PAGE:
Arun Sahgal

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  • Brigadier (Retd.) Arun Sahgal, PhD, is Deputy Director Research and Head, Centre for
    Strategic Studies and Simulation, at the United Service Institution of India. He is a member of National Task Force on Net Assessment and Simulation, under the NSCS, Government of India.

    Failed India-Pakistan dialogue: Reworking policies

    Failed India-Pakistan dialogue: Reworking policies

    In the short-term India needs to let the internal situation within Pakistan play itself out and see what emerges from the standoff. There is no doubt that Pakistan will have to be engaged but terms and manner will be dictated by the prevailing political and economic scenario in India, Afghanistan and the region including India-China relations.

    August 22, 2014

    Pakistan’s Dangerous Game of Brinkmanship

    Pakistan’s Dangerous Game of Brinkmanship

    The recent heavy firing by the Pakistani army is to gain public sympathy and providing it greater flexibility in the flawed civil-military relations. It is an orchestrated plan to provoke India believing that it can take such a risk of escalation in the back drop of its effective nuclear capability.

    October 10, 2014

    Military Courts in Pakistan: A Soft Coup by the Pakistan Army?

    Military Courts in Pakistan: A Soft Coup by the Pakistan Army?

    Why is the Pakistan military pushing for Military Courts when the country already has a fairly robust Anti Terrorism Act together with designated Anti Terrorism Courts set up specifically to try terrorism related offences?

    January 14, 2015

    Indian Army’s Modernisation Plans: Call for Pragmatism

    The Parliamentary Standing Committee on Defence’s figures reveals that the army's equipment modernisation is steadily falling. In 2008-09, the army spent 27 paisa of every rupee on capital expenditure. This fell to 24 paisa in 2009-10; 23 paisa in 2010-11; 20 paisa in 2012-13 and just 18 paisa in the last two years. Resultantly the army’s ambitious plans to transform from a ‘threat-based to a capability force’ by 2020 are being consistently thwarted.

    July 31, 2014

    Anatomy of India and Pakistan Reconciliation

    Islamabad remains sanguine that as long as it can leverage both cross border terrorism as well as conventional asymmetry by playing the nuclear card, it can easily manage relations with India.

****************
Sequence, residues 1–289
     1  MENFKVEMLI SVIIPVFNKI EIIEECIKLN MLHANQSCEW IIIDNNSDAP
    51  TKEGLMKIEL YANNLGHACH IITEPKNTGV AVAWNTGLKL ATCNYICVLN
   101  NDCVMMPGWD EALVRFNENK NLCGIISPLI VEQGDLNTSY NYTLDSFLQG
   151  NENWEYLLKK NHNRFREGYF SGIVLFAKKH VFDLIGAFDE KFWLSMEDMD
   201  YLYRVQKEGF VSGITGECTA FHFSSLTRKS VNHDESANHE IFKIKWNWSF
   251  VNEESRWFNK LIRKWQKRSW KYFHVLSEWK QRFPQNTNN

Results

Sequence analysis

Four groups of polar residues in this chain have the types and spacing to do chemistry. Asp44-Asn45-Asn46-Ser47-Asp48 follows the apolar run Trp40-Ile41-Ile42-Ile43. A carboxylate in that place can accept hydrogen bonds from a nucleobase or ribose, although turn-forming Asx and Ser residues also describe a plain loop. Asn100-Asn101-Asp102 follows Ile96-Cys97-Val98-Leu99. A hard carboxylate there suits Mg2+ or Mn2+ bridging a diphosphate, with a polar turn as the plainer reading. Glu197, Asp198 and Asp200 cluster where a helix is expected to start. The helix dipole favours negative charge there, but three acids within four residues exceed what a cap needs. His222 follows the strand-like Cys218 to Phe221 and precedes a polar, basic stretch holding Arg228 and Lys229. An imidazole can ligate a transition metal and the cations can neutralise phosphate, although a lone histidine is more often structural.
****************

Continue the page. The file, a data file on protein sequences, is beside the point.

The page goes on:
August 12, 2013

    India and US Rebalancing Strategy for Asia-Pacific

    In the light of the US rebalancing strategy in the Asia-Pacific, the Indian dilemma is how to boost its relationship with the US that can provide an impetus to its economy and defence capability building without antagonising China.

    July 09, 2012

    Chinese Anti Access Strategy: Conceptualising and Contextualising an Indian Version

    The asymmetric military balance prevailing between India and China is likely to get accentuated overtime if effective political and military steps are not taken by to address the same. The paper looks upon the need to develop an asymmetric strategy by India to prevent domination by inimical or hostile adversaries. This paper attempts to examine the principles of the Chinese Anti Access Strategy and use that as a model to develop the contours of an Indian ‘Grand Strategy that entails developing military capabilities capable of inflicting damage and raising the cost of intervention.

    Dynamics of Indian Defence Technology: Indianisation, Indigenisation, Industrialisation, Integration

    The philosophy of approach toward military technology is based on purpose, vision, relevance, efficiency and performance. Being Indian in content is what needs to be added to the above! Sixty four years down the line, four battle engagements later, our defence technology story is one of unexpected miracles and unacceptable failures. It is in above context that a holistic understanding of the foundation on which the edifice of the defence industrial base of India needs to be progressively pillared becomes imperative?

    Nepal: The Continuing Imbroglio

    The deeply troubling situation in Nepal is marked by three discernible trends. First, is the collapse of the ceasefire and commencement of violent activities, including strikes, blockades and attacks by the Maoists. This has led to the revival of counter-insurgency operations by the Royal Nepalese Army (RNA), reinforced by a fresh supply of arms and ammunition, and other military hardware from China.

    January 2006

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